Business Brains

Use sustainable business practices to solve Corporate America's image problem

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When I was growing up as a late-70s Jersey-girl-teen, I was so naive that someone once had to explain to me what the vice squad was. Let's just say th...

When I was growing up as a late-70s Jersey-girl-teen, I was so naive that someone once had to explain to me what the vice squad was. Let's just say that my reputation was something I guarded carefully, because I didn't know any better. Or actually, I should say that I didn't know any worse.

Flash forward 30 years and I'm thinking of reputations of the business sort, prompted by a recent survey from HarrisInteractive. A poll released by the research firm reported that the public thinks more poorly of American companies that at any point in the past 10 years. Almost 90 percent rated the collective reputate of "corporate America" as "not good" or "terrible." Here's the survey, which is called the 2008 Reputation Quotient. Companies were rated according to six different areas. I'm listing those areas PLUS the companies that did the best in each:

  1. Social Responsibility: Whole Foods, Johnson & Johnson, Coca-Cola, Walt Disney, Microsoft
  2. Emotional Appeal: Johnson & Johnson, Kraft, amazon.com, Sony, General Mills
  3. Financial Performance: Johnson & Johnson, Berkshire Hathaway, Coca-Cola, Microsoft, Google
  4. Products & Services: Sony, Johnson & Johnson, 3M Company, Google, Kraft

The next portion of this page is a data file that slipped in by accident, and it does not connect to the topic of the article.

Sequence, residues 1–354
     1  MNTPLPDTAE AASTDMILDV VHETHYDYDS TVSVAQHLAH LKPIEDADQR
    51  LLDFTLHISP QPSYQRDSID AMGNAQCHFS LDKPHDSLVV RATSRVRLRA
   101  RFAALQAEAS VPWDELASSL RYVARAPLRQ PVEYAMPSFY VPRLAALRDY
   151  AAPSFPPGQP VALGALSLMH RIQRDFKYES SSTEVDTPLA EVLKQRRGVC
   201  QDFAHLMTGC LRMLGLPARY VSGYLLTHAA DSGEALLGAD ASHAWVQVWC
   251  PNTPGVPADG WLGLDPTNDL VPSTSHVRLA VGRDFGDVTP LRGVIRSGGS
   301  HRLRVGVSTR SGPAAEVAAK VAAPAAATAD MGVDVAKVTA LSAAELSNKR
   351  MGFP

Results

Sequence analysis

5. Vision & Leadership: Berkshire Hathaway, Google, Microsoft, Coca-Cola, amazon.com
  6. Workplace Environment: Google, Johnson & Johnson, Sony, Microsoft, Kraft

Some other stats that I found particularly appropriate, and that are worth thinking about for your own company, regardless of the size:

  • Almost ALL of the respondents (a whopping 98 percent of the almost 25,000 American consumers included in the survey) think it is important for companies to act with a sustainable mindset
  • More than two-thirds of the respondents think that U.S. companies are lagging behind their counterparts in other countries when it comes to sustainability
  • Only 16 percent of the respondents think that U.S. companies will do something about sustainability without being forced
  • Almost 90 percent of the respondents said they think about sustainability when making a product choice

Hmmm, do you sense a theme here? Yes, yes, yes, cost controls and all the financial measures you're taking to recalibrate your company in this recession are important, but the takeaway from this survey is that U.S. businesses must do more, way more, to demonstrate leadership in sustainable business practices.

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Heather Clancy

Section Editor

Heather Clancy has written for United Press International, ZDNet, Entrepreneur, Fortune Small Business, the International Herald Tribune and the New York Times. She holds a degree from McGill University. She is based in New Jersey. Follow her on Twitter. Disclosure